• Thanks for commenting, Jeannine. You know, I always wonder about those cabin retreats – I’ve heard reports back from friends who’ve gone and gotten entire manuscripts finished or stories done… But can’t help wondering if I’d be conversely distracted by the quiet! I guess it takes discipline, no matter where you are.


  3. Jennifer Kirkpatrick Brown

    Whenever I’m not writing, I have the vague feeling that I am supposed to be doing something else–so I know exactly what you mean.

    Also, I so understand the leather chair thing! I often talk myself out of sitting at the table where I am more productive because it is comfy on the couch–but then I’m so comfortable that I accomplish less than I should. And the whole “write first” thing! My days would all be better if I would get better about doing that!


    • Thanks for commenting, Jennifer. I have enjoyed reading your posts at your blog — especially being reminded of John Gardner’s Art of the Novel in your post MFA in a box.

      The “write first” advice is a great piece of advice I first picked up on from a writing mother. It does ease the anxiety, and makes sure some productivity is getting done every day.


  4. kkcarver

    Hi Elissa. I can sooo relate. I have a couple of leather chairs, one of them not so comfortable, and a nice office downstairs which I rarely use because I’m too far removed from the rest of the house (and my four dogs who would be getting into mischief). Time management is a hard balance sometimes, something I’ve never been as aware of as this month during the MNINB challenge!


  5. Oh how familiar. Your list of things to do takes me back to the English teacher days and the never-ending grading/planning. I, too, feel that draw to be in the writing I am or am wanting to do. And I cannot do that writing until my writing voice (for the piece) speaks.


  6. Great post, Elissa! Sometimes I find myself in one of those thoroughly unproductive trances (as opposed to being in The Zone), which of course results after spending too much time on the interwebs. Next time it happens I’ll think of #4.


  7. This was as powerful as it was perfect, and having been there, having ignored the sensible thing of getting something done because the resistance was so strong… The list was needed.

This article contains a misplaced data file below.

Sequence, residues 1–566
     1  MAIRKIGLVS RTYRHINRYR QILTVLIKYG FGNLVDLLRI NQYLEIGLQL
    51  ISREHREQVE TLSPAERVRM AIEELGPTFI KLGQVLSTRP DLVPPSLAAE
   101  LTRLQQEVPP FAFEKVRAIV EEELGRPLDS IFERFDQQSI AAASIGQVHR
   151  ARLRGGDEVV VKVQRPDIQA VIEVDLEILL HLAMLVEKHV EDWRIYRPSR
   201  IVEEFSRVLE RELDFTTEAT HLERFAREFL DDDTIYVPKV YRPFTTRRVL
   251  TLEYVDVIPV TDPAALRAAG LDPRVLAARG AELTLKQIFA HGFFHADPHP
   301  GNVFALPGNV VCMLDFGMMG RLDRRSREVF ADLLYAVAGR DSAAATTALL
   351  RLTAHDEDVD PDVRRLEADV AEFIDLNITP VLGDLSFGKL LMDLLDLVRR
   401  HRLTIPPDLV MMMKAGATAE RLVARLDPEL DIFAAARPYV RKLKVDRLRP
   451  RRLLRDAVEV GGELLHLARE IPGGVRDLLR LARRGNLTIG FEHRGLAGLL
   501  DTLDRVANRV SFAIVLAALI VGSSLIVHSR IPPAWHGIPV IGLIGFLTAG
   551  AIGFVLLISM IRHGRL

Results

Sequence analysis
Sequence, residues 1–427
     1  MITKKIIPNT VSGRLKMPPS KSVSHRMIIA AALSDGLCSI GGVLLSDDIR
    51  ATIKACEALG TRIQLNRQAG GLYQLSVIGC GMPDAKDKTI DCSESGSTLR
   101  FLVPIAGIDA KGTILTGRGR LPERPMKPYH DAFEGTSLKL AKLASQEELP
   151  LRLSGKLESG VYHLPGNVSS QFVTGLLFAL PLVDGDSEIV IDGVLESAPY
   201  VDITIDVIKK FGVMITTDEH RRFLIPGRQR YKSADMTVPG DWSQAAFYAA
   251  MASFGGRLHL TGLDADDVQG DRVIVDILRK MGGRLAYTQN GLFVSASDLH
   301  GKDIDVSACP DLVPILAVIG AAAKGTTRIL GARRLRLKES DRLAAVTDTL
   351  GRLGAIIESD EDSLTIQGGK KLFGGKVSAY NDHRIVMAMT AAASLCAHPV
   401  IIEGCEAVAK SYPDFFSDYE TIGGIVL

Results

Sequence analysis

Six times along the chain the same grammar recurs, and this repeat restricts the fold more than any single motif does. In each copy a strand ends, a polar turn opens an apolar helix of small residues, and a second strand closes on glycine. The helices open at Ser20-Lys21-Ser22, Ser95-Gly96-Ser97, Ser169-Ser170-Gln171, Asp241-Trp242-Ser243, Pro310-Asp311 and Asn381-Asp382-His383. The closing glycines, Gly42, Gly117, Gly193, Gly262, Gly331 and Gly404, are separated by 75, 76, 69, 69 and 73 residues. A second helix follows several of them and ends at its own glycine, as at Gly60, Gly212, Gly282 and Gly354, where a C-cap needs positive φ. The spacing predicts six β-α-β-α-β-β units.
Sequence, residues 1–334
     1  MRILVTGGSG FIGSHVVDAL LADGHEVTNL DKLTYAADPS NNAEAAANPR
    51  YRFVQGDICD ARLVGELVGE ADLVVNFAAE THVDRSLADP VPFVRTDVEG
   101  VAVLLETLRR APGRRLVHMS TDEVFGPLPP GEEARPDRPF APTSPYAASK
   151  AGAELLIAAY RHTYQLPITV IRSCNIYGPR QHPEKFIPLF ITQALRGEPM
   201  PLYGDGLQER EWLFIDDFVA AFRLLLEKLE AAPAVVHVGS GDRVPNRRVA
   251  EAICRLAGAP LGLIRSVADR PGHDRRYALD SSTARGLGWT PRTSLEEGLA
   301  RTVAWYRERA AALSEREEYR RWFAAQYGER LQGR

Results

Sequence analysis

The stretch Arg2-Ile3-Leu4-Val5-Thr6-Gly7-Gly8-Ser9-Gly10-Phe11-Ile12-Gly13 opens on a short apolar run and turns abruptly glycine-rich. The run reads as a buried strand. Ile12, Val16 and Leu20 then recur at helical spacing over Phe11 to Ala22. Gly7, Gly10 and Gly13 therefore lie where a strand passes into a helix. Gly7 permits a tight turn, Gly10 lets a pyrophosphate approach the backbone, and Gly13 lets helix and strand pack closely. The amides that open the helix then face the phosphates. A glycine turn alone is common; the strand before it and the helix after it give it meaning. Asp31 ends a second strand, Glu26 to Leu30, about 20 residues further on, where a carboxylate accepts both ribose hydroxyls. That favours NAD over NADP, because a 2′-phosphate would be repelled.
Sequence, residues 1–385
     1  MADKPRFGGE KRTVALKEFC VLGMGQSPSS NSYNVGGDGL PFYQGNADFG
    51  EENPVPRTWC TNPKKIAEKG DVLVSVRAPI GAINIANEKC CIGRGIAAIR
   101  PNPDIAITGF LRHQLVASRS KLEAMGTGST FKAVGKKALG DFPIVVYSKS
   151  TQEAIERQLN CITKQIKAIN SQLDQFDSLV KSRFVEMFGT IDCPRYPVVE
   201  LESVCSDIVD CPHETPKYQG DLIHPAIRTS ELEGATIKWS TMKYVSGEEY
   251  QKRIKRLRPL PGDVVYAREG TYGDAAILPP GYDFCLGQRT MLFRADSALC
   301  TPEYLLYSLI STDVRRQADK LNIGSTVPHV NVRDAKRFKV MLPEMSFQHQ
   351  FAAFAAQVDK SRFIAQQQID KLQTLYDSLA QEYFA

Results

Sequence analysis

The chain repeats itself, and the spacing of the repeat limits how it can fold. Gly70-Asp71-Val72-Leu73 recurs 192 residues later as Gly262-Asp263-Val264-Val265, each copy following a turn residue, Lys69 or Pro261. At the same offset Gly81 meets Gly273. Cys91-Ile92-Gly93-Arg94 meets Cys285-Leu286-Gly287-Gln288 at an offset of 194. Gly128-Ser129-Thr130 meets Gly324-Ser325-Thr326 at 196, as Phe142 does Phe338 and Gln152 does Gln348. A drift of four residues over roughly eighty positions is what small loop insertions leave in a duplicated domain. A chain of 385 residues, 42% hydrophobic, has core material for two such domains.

As my husband often says: “Do something, even if it’s wrong.”


  8. Thanks to KKCarver, Mary, Camille and Eden for your comments! Eden, I love that advice: “Do something, even if it’s wrong.”

    Hmm. Maybe that will start a blog for today. :)


  9. Great list of things to do. I have a terrible time sticking to my lists, but at least they remind me of what I should be doing.


  10. Stopping by to say hello to my fellow MNINBer. Thanks for the tips. I like tip #1- write first! Since the Platform challenge, my writing has been put to the wayside. So now I will spend an hour to write first then check my social media for 30 mins. at the most. Thank you!


  11. So helpful; just discovered your blog.Staying focused on the work is sometimes so difficult. Need to shut the inner voice screaming ‘laundry need you’ …


  12. Kim, Romelle & deeplycaffeinated, thanks for your comments. Especially on heels of Romelle’s comment about budgeting time, do consider clicking through to read Jane Friedman’s advice (link in the post above). Each of us are at different points in our writing career and she uses that as a way of helping to decide what percentage of time should go to writing (the fiction) and what percentage to building platform. Building community is important to me right now, but her advice reminds me that the key is still to get stories ready and submitted.


  13. Yeah, that’s the right path to wisdom : writing FIRST and NEVER feel guilty about that (all in all, in 30 years from now, everyone would have forgotten if our shirts were perfectly ironed or not).
    After all, how can we do a living if we do not allow enough time to create and write?
    It’s always good to see that one does not struggle “alone”, and the blog community, by allowing the sharing of discouragement and meager harvests of satisfying writing, helps us looking up and moving forward. Keep on! Keep us posted with your wonderful posts, we support you and encourage you! You do what you love, and you do (it) right! Cheers to creativity and writer’s block!